I really enjoyed this and the two hours flew by in an instant.
When I first saw the trailer for it at the cinema about a month ago my partner and I thought we should really watch the entires series first. I've had the series on Blu Ray on my 'to watch' pile for a number of years now so a few weeks ago we began the process of watching it. We had originally planned to watch the show one or two nights a week and then catch the film toward the end of the cinema run. However, we become so engrossed in the show that we ended up watching the entire 6 seasons (and 'movie' specials) within 11 days. 2 days of hideous bad weather with wind and rain gave us a good excuse to spend those days in front of the TV for much of that time.
I found the series a remarkable achievement and clearly the person responsible for this is Julian Fellowes. For something clocking in around 55 to 56 hours there was not a minute wasted. Whilst I'm not going to pretend that at the end of the day its a soap opera, its A+ grade. The added bonus is that its perfectly cast and acted and it weaves the personal into the historical beautifully.
The film basically just picks up a year or so after the series finished. And though very enjoyable I suppose my only real complaint is there wasn't enough. Clocking in at two hours its simply impossible to give all the large principle cast the details they deserve. In fairness, the film is only set over about a week or so but I wanted more.
The downstairs cast have less to work with. Aside from Thomas (Robert James-Collier) who gets to venture out into uncharted territory, the other characters are really only caught up in the events unfolding in those few days so not that much time is spent with them, though Anna (Joanne Froggatt) has a great scene with Lady Mary that incapsulates what Downton Abbey means to everyone. Its also great to see Anna back to her old self as she (and Bates) were certainly put through the drama wringer in the series.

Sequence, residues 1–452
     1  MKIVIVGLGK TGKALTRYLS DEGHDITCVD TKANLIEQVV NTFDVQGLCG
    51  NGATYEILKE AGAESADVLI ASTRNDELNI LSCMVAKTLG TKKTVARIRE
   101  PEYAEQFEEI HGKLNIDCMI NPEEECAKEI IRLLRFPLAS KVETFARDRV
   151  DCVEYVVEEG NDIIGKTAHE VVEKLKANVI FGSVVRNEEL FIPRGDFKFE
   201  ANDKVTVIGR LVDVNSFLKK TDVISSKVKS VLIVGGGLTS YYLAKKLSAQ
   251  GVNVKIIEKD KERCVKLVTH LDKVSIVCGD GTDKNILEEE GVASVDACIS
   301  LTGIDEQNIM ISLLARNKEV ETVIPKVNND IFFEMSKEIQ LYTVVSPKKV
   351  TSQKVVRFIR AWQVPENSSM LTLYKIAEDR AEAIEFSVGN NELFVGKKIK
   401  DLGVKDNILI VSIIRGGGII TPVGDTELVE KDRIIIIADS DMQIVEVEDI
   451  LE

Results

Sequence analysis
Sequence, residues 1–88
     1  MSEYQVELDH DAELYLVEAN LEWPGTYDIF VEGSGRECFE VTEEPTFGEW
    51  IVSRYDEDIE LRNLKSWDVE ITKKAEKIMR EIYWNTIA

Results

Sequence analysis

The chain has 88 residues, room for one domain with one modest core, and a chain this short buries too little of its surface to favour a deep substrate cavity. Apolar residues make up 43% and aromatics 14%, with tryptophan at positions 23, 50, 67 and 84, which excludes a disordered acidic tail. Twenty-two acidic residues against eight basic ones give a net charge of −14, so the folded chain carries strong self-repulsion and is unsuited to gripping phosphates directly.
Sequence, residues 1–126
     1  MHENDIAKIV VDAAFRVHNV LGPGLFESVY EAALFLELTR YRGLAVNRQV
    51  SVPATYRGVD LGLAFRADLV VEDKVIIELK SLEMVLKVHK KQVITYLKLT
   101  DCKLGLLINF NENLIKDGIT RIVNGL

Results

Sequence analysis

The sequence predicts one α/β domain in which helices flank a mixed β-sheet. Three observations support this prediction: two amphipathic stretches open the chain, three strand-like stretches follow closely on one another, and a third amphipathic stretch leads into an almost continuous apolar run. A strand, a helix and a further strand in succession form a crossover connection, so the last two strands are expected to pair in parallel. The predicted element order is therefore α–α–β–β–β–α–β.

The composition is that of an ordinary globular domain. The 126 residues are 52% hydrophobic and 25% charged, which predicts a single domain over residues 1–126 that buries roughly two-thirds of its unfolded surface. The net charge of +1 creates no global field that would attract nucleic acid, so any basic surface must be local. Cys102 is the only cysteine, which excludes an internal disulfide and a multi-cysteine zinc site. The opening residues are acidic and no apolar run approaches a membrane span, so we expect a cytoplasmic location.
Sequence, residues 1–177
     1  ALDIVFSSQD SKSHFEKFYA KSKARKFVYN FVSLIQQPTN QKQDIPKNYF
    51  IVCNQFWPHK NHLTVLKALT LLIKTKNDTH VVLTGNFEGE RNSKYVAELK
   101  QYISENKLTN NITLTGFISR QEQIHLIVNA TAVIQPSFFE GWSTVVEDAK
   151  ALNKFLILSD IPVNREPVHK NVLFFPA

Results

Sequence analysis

The upstairs cast fairs better as that is where a sizeable portion of the action takes place however Robert (Hugh Bonneville) & Cora (Elizabeth McGovern) are given very little to do but look on. The main characters that the focus of the film is on are daughters Lady Mary (Michelle Dockery), Lady Edith (Laura Carmichael) and son-in-law Tom (Allen Leech - who probably has the most screen time). Violet (a commanding Maggie Smith) is also a significant player and as per the series, gets most of the best comic lines of which my favourite is "I'll lick the stamps". Imelda Staunton is a welcome and important addition to the cast.
If this does indeed turn out to be the last of Downton Abbey, it does to a degree tie some things up but also leaves them upper for future instalments be it another film or better still another series.
As far as Oscar nominations go I'm included to agree with dws that being a TV spin-off will probably work against it but then again if enough Academy members are fans of the series than this could sneak into a couple of technical categories and/or a nomination for Maggie Smith and maybe even a Best Picture nomination. Must admit if I was Academy member I'd be placing this very high and part of that is my affection for the series. SAG ensemble is a maybe but than that group have already rewarded the cast on a number of occasions so they will probably pass.
At the end of the day I think this is pretty much strictly for fans of the show. I don't know what anybody who hasn't seen the series would make of it simply because they don't have the 12-13 years history colourful history of these great characters that despite what some critics have been saying don't all get a moment to shine (but its lovely to see them all again).
"I want cement covering every blade of grass in this nation! Don't we taxpayers have a voice anymore?" Peggy Gravel (Mink Stole) in John Waters' Desperate Living (1977)